[Tfug] disk usage mystery..
rogersjd at gmail.com
Tue Apr 3 13:55:37 MST 2012
John, nice find. Thanks for passing it along. I finally read through
those bug reports.
I'm still not sure if my issue is related because I don't have
anything of size in /tmp and /tmp is a tmpfs mount in ram anyway. I
even tried rebooting and "never opening a gnome terminal" until the
disk filled, so it doesn't seem to matter. Even weirder, the disk was
full a couple times in the past week and then suddenly my space
returned without restarting x and killing pulseaudio, so clearly
something can occasionally release the used space, but I haven't made
any progress in narrowing down what. In the last week, the disk usage
even hovers at 500MG for a day or so before suddenly spiking and
filling the remaining GB. Its almost like whatever is broken is slowly
I'm tempted to give up, move on, and just wait another few months
until I buy a new laptop and then do a fresh install. But I'd love to
at least be able to track down the culprit and file a bug report.
Hope you have better luck with CTRL-End.
On Sun, Mar 25, 2012 at 9:23 AM, John Gruenenfelder
<jetpackjohn at gmail.com> wrote:
> I've got an update for you that may help in tracking down the ultimate
> culprit of your file system filling bug...
> While scouring the Internet with Google to find a solution to the
> problem that libvte derived terminals (roxterm, gnome-terminal, etc.)
> are treating End and CTRL-End as the same key (End), I found a bug
> report stating that gnome-terminal (again, via libvte) was constantly
> writing to /tmp. Remembering your plight, I took a look.
> Some of the suggestions in the following bug report threads may help:
> In short, one of the temp files libvte stores in /tmp contains the
> entire scroll-back buffer and it is writing to it constantly. Like
> most transient temp files, it is opened for read/write access and then
> deleted from the file system (but remains open as long as the creating
> process is alive). Given how much sensitive information can
> potentially be displayed in a terminal, I certainly hope they've got
> the security concerns nailed down. As somebody who does not use a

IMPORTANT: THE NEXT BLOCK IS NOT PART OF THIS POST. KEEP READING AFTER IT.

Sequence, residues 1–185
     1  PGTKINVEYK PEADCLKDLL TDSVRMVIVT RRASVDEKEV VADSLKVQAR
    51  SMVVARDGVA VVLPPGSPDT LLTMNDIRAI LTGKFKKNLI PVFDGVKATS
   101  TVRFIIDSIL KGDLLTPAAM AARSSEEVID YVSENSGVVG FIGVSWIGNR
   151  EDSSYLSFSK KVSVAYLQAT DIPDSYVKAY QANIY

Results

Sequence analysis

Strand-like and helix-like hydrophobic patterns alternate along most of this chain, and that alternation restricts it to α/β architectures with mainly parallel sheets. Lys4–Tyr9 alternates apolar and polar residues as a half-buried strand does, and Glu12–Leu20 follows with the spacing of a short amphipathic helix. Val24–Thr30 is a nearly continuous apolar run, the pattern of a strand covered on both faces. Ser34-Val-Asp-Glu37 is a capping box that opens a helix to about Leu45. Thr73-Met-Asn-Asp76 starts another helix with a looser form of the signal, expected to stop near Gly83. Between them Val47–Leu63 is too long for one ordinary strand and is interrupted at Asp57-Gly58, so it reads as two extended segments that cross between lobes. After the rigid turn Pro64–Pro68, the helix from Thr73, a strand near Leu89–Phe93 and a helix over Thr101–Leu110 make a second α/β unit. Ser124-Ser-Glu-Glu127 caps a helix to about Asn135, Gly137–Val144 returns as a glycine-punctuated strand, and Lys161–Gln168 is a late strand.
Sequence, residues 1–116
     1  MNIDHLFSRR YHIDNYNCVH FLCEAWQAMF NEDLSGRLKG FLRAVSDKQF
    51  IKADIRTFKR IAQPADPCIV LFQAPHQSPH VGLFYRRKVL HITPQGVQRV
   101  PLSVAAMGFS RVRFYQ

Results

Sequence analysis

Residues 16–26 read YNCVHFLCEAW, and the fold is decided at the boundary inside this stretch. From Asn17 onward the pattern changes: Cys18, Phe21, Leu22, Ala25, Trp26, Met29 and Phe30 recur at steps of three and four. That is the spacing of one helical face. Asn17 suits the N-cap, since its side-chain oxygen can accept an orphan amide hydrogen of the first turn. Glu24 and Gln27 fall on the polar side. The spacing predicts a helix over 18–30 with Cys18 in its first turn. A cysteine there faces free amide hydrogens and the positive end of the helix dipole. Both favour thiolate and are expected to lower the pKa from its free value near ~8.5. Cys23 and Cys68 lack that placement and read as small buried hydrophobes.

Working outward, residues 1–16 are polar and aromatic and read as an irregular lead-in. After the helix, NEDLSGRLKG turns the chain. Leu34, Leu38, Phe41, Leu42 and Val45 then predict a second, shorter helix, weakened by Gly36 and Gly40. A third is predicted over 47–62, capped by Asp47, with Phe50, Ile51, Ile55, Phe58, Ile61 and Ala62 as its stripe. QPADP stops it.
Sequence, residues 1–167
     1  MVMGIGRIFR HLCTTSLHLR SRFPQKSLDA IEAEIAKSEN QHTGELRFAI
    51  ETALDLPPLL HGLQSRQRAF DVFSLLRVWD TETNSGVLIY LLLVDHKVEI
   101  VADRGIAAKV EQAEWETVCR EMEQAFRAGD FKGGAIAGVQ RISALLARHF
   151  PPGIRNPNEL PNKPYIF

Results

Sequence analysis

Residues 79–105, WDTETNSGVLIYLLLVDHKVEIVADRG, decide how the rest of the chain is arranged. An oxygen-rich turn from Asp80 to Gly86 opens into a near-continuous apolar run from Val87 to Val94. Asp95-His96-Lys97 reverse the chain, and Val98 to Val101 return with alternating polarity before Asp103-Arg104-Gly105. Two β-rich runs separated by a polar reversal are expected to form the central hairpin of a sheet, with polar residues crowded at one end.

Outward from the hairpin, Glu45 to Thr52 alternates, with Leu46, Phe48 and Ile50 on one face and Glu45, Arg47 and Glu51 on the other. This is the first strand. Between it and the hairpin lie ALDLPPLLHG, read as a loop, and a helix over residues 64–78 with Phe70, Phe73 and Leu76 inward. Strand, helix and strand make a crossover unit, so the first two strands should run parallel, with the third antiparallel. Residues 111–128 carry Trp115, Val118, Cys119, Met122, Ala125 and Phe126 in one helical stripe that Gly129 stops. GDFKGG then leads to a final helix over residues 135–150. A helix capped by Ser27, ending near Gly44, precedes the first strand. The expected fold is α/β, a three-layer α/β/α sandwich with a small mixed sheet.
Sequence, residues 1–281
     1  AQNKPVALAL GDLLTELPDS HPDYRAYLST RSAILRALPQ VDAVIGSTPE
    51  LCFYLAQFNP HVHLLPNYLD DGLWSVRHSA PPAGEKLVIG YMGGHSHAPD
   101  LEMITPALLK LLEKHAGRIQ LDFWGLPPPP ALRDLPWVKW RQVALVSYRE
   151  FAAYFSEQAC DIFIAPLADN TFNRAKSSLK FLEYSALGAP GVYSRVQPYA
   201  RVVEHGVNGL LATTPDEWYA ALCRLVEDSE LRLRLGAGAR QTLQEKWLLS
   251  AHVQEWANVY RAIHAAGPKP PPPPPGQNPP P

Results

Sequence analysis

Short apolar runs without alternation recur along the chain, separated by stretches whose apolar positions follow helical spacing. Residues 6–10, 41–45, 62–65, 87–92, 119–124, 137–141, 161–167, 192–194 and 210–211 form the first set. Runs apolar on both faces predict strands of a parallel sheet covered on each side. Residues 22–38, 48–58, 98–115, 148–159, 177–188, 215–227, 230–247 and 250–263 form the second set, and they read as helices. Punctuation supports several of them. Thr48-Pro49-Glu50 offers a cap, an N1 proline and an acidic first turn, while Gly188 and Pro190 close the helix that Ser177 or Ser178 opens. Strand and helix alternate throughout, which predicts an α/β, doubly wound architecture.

> stupendously large buffer size, I naturally assumed that it was stored
> in RAM. For that matter, even for a giant buffer I still would have
> assumed that it was kept in memory.
> Anyway, the second link above suggests a very useful way for
> monitoring file system access. You can use the kernel's inotify
> system and a simple Python command to have all of this information
> streamed to a terminal or file:
> python -mpyinotify /tmp
> You will need Python's inotify bindings (in Debian, this is the
> python-pyinotify package). It's fairly easy to read and even
> colorized. Obviously, don't run this in a terminal that will be
> hammering /tmp. Regular xterm will work fine. Similarly, if you dump
> the output to a file, make sure you are not storing that file in the
> same place you are monitoring. By default, this seems to recursively
> monitor the path you specify. I created some directories a couple of
> levels deep and touched a file inside and Python was still notifying
> me of the access.
> I hope this makes solving your problem a little easier.
> P.S. I still haven't found a solution to my End=CTRL-End problem with
> libvte. It works fine with xterm, though. I map CTRL-Home/End to
> jump to the beginning/end of a buffer in EMACS so it's not a show
> stopper, just annoying. The devs are at least aware of it, via an
> Ubuntu bug report, but the last activity was a year and a half ago...
> --John Gruenenfelder Systems Manager, MKS Imaging Technology, LLC.
> Try Weasel Reader for Palm OS -- http://weaselreader.org
> "This is the most fun I've had without being drenched in the blood
> of my enemies!"
> --Sam of Sam & Max
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